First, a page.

The Federal Trade Commission (FTC) has once again pushed back its enforcement deadline for an identity theft --lated regulation called the Red Flags Rule.
The rule requires financial institutions and other organizations that extend consumer credit to develop and implement written policies for detecting and preventing identity theft.
Before this latest deadline change, the FTC was to have started enforcing the rule on June 1. Under the new deadline, it will now start doing so only after Jan. 1, 2011.
The FTC noted in a statement that the delay was prompted by requests from "several members of Congress" who are working on limiting the scope of the Red Flags Rule.
In the statement, the FTC expressed hope that Congress would work quickly on addressing certain "unintended consequences" of the legislation.
The FTC has previously delayed enforcement of the rule on four different occasions, the most recent being in October 2009, when it pushed the deadline back from Nov. 1 to June 1 of this year.
Today's extension comes just days after the American Medical Association (AMA), along with the American Osteopathic Association (AOA) and the Medical Society of the District of Columbia (MSDC), filed a lawsuit against the FTC, demanding that physicians be excluded from the requirements of the Red Flags Rule.
The lawsuit alleged that the Red Flags Rule was meant primarily for the banking sector, but was written so broadly that it now unintentionally covers physicians as well.
The suit follows almost two years of efforts by the AMA and the other two organizations to get the FTC to exclude physicians from the law. In January this year, the AMA, the AOA and two other groups formally petitioned the FTC to exempt physicians from the rule.
The recent lawsuit was filed after the FTC rejected the request.
"For two years, the AMA has made the case to the FTC that physicians are not creditors like banks and lenders, and the misguided red flags rule should not apply to them," a statement announcing the lawsuit noted.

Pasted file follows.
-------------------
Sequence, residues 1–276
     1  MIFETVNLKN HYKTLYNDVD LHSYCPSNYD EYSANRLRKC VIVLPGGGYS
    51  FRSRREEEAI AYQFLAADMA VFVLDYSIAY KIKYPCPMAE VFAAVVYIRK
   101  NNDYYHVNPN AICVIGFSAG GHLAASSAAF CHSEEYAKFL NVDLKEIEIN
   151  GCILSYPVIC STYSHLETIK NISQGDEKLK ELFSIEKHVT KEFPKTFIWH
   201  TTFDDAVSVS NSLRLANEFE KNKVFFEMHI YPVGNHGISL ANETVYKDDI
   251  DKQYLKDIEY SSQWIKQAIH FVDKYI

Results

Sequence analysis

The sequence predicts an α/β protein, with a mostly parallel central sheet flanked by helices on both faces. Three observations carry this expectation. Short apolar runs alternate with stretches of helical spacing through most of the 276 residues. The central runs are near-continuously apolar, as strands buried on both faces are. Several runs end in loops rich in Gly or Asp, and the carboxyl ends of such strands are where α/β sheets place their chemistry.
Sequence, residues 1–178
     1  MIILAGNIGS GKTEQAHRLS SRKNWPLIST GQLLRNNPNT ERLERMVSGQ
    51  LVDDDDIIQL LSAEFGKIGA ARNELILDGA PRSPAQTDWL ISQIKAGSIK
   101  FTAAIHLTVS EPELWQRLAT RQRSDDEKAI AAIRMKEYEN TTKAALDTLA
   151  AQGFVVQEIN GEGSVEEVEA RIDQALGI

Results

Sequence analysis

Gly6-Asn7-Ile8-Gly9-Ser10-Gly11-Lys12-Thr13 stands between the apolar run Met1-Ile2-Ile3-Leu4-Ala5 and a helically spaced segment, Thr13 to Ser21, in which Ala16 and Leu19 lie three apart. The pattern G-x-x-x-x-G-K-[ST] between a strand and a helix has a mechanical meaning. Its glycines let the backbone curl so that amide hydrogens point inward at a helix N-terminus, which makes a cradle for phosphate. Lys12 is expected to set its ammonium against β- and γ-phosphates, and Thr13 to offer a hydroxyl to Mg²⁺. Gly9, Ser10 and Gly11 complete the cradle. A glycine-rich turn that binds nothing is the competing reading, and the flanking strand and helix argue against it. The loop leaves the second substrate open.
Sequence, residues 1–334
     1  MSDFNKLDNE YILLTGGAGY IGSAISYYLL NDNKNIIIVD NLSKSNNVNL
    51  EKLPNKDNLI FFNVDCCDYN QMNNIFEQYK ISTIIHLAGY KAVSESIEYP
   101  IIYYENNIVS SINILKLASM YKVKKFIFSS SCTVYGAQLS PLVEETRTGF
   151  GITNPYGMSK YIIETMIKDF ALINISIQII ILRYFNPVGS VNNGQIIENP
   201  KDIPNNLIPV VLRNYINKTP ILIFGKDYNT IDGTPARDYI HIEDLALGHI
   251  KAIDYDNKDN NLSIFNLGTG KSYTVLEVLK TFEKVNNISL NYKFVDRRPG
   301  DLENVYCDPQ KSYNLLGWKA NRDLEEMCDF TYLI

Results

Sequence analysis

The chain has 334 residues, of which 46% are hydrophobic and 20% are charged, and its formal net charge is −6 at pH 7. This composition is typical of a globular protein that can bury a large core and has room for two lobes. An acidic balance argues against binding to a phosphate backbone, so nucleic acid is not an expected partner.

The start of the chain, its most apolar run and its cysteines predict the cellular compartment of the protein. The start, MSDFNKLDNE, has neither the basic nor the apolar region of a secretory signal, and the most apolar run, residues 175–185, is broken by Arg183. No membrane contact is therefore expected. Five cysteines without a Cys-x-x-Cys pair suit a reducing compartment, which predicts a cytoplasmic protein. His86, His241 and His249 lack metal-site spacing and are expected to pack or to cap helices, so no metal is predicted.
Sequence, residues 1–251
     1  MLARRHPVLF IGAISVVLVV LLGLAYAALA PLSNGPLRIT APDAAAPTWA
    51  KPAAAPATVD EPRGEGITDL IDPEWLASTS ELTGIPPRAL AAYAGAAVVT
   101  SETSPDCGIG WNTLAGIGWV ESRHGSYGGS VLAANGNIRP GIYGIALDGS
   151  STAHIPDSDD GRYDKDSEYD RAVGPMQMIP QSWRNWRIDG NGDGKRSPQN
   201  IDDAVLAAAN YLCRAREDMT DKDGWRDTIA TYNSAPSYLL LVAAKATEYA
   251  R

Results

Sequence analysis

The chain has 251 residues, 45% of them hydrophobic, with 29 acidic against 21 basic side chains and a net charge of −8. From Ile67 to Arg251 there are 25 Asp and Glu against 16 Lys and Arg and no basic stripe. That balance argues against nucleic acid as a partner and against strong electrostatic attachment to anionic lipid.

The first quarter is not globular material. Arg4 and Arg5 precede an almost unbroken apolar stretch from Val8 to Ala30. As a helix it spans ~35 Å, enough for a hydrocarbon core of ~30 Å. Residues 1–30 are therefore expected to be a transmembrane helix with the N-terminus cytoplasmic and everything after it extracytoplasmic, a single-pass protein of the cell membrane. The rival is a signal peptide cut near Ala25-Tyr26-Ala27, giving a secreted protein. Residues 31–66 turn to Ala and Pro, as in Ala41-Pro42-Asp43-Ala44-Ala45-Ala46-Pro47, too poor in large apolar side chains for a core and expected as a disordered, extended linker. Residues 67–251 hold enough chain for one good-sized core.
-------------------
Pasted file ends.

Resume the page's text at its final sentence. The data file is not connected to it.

The FTC's decision to apply the rule to physicians regardless of such complaints is 'arbitrary, capricious and contrary to the law', the lawsuit alleged.
The Red Flags Rule was developed as part of the Fair and Accurate Credit Transactions Act (FACTA) and went into effect in January 2008. The original compliance deadline for the rules was Nov. 2008, but it has been pushed back repeatedly largely as a result of concerns in Congress about the applicability of the rules to organizations other than financial institutions.
The FTC has argued that unless the rule is tweaked by Congress, it applies equally to any entity that extends credit to consumers in any form -- like a physician would, for example, when waiting for an insurance company to make payments for services rendered earlier.
According to the FTC, entities that are covered under the Red Flags Rule include finance companies, auto dealers, mortgage brokers, health providers and telecommunications companies.
It's a position that has been challenged before. Last October, a federal court in Washington D.C ruled that the regulations could not be applied to lawyers and other legal professionals as the FTC had argued it did. The ruling was in response to a lawsuit brought by the American Bar Association against the FTC.
The AMA lawsuit argues that physicians who do not require or collect immediate payment from patients cannot be considered to be creditors, under Red Flags rules.
It also noted that requiring physicians to collect and investigate each patients identity would impose too high of an administrative burden on them and erode a lot of the patient-physician trust relationship.
Jaikumar Vijayan covers data security and privacy issues, financial services security and e-voting for Computerworld . Follow Jaikumar on Twitter at @jaivijayan or subscribe to Jaikumar's RSS feed . His e-mail address is email@example.com .
Read more about privacy in Computerworld's Privacy Topic Center.
This story, "FTC Pushes Back Identity Theft Rules Deadline -- for Fifth Time" was originally published by Computerworld.